More than 4.5 million athletes from 170 countries compete in 32 team and individual sports in the Special Olympics, which is the only organization the International Olympic Committee allows to use the name "Olympics." A subset of the Special Olympics, Special Olympics Unified Sports, brings together people with and without intellectual disabilities to compete in team sports. Volunteer coaches, trainers, officials, managers and fund-raisers support the Special Olympics.
Special Olympics athletes play softball, soccer, gymnastics, floor hockey and golf. Other sports include athletics, basketball, tennis, volleyball and aquatics. Athletes are age 8 and up. The organization has a young athletes program for children 2 to 7.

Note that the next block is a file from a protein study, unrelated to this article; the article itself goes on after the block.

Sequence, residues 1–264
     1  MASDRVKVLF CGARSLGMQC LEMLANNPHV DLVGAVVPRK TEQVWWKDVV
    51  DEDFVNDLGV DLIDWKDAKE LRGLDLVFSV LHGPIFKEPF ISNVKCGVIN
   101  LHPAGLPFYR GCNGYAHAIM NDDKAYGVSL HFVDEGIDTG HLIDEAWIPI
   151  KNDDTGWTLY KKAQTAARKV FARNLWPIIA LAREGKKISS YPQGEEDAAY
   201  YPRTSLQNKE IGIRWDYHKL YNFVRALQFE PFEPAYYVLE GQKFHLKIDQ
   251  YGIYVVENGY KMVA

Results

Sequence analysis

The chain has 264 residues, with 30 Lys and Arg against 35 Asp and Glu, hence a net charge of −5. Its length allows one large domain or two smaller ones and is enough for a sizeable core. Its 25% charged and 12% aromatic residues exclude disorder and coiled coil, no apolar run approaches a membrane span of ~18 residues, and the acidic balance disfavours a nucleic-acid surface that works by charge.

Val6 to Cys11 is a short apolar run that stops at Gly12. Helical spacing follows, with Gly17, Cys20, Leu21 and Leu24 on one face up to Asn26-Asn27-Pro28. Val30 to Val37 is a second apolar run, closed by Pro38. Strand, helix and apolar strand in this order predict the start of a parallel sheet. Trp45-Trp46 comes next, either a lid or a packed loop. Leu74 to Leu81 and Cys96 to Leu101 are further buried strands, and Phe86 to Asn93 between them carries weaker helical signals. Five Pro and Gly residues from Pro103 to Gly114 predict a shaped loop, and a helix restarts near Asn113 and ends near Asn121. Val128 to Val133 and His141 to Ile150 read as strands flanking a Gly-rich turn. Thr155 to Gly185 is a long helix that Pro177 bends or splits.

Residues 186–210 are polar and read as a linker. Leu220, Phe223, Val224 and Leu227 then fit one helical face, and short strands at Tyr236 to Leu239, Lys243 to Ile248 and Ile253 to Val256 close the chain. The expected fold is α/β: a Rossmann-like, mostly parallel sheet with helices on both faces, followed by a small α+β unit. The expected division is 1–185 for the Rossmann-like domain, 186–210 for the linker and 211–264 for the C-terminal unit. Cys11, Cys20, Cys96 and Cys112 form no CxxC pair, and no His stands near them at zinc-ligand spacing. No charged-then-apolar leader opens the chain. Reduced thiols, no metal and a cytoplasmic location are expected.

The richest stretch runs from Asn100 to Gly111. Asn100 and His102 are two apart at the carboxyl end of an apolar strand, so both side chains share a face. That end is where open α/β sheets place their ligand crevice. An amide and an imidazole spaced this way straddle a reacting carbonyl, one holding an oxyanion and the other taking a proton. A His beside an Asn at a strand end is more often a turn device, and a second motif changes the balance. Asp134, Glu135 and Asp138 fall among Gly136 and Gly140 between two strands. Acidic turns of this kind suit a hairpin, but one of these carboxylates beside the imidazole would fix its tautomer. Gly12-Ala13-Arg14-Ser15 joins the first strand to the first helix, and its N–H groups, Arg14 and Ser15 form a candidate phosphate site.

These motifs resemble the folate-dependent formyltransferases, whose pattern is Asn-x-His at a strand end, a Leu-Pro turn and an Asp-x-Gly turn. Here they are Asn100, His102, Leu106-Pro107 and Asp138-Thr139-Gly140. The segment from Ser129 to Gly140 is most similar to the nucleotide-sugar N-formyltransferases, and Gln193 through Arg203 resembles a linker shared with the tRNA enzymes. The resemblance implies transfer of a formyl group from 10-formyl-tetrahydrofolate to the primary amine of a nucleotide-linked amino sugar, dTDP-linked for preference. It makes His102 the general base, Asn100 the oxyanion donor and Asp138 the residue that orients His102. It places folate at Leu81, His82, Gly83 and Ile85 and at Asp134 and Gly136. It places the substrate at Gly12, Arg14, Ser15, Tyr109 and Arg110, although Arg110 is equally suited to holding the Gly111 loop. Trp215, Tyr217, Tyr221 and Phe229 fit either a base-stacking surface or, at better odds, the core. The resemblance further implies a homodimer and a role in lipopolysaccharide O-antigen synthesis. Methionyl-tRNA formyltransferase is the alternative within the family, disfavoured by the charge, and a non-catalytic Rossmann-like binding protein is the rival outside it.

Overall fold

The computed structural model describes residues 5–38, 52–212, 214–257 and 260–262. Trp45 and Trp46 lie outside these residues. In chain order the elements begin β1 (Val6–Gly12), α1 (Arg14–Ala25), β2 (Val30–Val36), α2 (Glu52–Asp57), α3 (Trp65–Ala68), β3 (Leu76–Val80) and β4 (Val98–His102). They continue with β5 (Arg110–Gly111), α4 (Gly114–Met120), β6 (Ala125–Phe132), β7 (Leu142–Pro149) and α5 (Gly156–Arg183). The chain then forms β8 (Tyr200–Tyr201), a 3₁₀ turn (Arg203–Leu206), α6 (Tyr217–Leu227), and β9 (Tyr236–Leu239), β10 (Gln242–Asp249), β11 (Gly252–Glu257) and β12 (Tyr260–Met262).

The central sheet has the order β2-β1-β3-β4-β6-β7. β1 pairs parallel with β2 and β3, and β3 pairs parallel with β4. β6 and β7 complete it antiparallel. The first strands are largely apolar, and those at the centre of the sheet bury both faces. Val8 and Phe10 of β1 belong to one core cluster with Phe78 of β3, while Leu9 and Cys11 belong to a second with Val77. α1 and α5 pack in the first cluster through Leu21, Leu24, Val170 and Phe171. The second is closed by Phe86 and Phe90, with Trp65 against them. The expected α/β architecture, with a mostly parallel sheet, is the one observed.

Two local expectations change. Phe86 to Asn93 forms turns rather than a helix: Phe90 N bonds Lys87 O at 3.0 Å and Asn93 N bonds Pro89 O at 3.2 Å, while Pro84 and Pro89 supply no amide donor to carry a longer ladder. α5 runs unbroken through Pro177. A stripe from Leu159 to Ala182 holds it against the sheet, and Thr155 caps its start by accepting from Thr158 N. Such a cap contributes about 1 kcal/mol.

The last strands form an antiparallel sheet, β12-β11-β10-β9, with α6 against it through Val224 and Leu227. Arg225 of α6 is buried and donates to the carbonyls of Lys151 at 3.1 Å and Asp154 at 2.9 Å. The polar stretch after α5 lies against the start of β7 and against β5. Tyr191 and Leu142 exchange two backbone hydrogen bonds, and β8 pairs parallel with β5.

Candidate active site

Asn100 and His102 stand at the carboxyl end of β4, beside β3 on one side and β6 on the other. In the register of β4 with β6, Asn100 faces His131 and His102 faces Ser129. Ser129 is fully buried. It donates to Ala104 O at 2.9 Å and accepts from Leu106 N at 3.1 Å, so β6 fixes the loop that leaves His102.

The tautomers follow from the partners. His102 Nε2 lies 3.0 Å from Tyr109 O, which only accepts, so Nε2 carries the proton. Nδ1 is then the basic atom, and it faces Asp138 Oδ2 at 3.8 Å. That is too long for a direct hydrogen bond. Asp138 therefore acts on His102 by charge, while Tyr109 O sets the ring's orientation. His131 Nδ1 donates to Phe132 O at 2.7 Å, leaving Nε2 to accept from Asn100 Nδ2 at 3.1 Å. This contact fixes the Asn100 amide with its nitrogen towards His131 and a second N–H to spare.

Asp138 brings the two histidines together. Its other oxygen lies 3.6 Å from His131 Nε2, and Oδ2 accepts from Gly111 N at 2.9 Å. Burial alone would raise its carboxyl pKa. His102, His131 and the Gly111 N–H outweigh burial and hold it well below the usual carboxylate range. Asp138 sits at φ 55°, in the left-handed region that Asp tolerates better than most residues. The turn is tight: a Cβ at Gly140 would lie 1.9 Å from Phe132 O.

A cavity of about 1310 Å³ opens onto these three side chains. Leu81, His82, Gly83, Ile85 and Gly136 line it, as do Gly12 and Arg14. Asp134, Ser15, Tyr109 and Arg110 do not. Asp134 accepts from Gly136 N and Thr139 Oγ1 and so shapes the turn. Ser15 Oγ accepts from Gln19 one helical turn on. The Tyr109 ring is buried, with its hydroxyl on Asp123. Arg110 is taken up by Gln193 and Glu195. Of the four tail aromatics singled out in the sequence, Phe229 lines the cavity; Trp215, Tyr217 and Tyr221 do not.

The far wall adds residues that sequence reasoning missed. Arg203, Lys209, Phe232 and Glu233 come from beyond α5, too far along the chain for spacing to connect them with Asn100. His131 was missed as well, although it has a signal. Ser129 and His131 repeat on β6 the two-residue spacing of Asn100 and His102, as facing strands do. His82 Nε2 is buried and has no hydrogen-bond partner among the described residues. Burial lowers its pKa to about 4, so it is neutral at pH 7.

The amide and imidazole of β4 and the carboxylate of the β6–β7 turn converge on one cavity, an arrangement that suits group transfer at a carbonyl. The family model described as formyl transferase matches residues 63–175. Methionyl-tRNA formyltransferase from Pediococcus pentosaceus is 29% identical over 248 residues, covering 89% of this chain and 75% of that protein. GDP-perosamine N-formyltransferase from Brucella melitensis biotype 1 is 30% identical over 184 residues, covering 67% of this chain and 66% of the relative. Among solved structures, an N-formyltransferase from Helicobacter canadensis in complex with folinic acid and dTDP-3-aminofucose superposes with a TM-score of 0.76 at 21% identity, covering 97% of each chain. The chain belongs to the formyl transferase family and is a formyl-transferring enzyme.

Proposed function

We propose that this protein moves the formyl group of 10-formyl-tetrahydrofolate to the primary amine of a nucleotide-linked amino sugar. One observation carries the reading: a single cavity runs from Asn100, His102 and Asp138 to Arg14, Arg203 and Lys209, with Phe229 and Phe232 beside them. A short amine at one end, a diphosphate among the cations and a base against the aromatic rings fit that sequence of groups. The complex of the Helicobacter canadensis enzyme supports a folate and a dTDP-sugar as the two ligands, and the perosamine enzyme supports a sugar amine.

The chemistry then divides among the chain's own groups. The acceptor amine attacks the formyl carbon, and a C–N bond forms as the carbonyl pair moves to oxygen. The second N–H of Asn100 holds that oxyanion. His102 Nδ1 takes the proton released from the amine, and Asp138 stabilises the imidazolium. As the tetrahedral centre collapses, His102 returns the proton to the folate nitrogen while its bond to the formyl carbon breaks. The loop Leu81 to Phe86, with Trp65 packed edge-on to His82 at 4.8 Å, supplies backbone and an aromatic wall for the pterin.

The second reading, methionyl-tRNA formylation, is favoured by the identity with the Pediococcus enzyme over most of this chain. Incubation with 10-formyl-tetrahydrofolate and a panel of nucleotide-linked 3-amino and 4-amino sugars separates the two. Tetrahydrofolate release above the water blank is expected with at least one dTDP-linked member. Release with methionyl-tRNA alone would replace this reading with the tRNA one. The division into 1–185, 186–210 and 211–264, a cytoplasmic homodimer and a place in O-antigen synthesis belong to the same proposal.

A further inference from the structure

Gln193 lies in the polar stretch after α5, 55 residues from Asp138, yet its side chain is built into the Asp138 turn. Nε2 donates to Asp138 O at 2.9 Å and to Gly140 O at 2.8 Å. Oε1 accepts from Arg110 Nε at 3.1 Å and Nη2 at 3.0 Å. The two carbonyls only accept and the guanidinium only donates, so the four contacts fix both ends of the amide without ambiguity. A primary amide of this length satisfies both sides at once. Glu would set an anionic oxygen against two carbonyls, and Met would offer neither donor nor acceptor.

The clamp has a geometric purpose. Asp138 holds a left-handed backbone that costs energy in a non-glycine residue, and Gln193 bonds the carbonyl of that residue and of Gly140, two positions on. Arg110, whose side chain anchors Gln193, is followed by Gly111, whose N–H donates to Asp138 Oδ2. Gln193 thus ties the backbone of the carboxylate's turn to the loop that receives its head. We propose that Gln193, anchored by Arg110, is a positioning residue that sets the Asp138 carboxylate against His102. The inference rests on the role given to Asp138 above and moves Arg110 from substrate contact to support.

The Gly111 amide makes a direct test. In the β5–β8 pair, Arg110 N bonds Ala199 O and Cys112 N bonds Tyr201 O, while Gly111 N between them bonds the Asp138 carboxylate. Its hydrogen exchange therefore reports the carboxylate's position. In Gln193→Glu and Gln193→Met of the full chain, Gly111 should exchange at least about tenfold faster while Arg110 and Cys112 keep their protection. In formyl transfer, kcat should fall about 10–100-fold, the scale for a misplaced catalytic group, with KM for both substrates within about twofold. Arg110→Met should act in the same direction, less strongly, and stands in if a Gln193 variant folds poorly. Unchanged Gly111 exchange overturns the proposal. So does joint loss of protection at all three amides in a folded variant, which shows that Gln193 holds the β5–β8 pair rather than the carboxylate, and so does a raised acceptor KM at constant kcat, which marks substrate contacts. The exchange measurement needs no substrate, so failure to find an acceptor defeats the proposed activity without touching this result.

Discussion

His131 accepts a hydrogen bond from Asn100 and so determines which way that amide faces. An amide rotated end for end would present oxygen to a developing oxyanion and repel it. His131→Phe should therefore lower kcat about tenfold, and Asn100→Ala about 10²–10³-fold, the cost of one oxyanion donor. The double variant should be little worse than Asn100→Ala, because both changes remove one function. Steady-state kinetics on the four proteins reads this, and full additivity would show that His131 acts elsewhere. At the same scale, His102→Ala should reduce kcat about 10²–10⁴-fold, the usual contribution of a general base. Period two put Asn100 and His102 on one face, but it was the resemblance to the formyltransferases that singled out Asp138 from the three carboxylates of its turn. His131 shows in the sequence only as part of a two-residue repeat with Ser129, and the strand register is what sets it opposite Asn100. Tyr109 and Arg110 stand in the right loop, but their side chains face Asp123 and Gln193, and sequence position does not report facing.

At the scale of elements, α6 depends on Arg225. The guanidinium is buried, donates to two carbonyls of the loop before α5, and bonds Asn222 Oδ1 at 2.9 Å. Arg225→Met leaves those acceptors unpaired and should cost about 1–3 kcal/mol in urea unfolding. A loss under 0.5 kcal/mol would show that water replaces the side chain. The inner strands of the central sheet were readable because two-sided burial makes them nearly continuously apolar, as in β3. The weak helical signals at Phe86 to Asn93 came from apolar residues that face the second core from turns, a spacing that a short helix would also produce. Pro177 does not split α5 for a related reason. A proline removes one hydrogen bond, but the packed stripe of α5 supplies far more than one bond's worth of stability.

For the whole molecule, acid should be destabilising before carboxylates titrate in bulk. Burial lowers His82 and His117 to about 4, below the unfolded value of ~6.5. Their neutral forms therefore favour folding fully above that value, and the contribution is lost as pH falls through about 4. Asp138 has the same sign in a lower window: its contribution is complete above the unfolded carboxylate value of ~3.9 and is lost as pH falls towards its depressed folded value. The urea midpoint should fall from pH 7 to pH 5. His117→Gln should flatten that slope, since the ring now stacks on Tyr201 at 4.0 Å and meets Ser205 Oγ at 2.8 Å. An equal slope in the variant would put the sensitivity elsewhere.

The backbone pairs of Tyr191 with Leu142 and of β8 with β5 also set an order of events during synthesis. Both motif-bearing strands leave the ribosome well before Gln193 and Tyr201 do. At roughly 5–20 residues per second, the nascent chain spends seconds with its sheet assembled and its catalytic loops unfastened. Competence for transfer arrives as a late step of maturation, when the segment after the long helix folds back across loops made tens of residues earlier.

Like the Olympics, Special Olympics' major world games happen every four years. As of 2016, the most recent world summer games were in 2015, when 6,500 athletes from 165 countries competed in Los Angeles. The Special Olympics organization conducts regional games more frequently. For example, in 2014 the organization put on games in Europe, Canada and the United States. Special Olympics athletes play in the games at venues around the world.
Eunice Kennedy Shriver, sister of the late U.S. President John F. Kennedy, founded the Special Olympics movement in 1962. She called it Camp Shriver, and in 1968 the games were renamed the Special Olympics. The Kennedys had a sister, Rosemary, with an intellectual disability.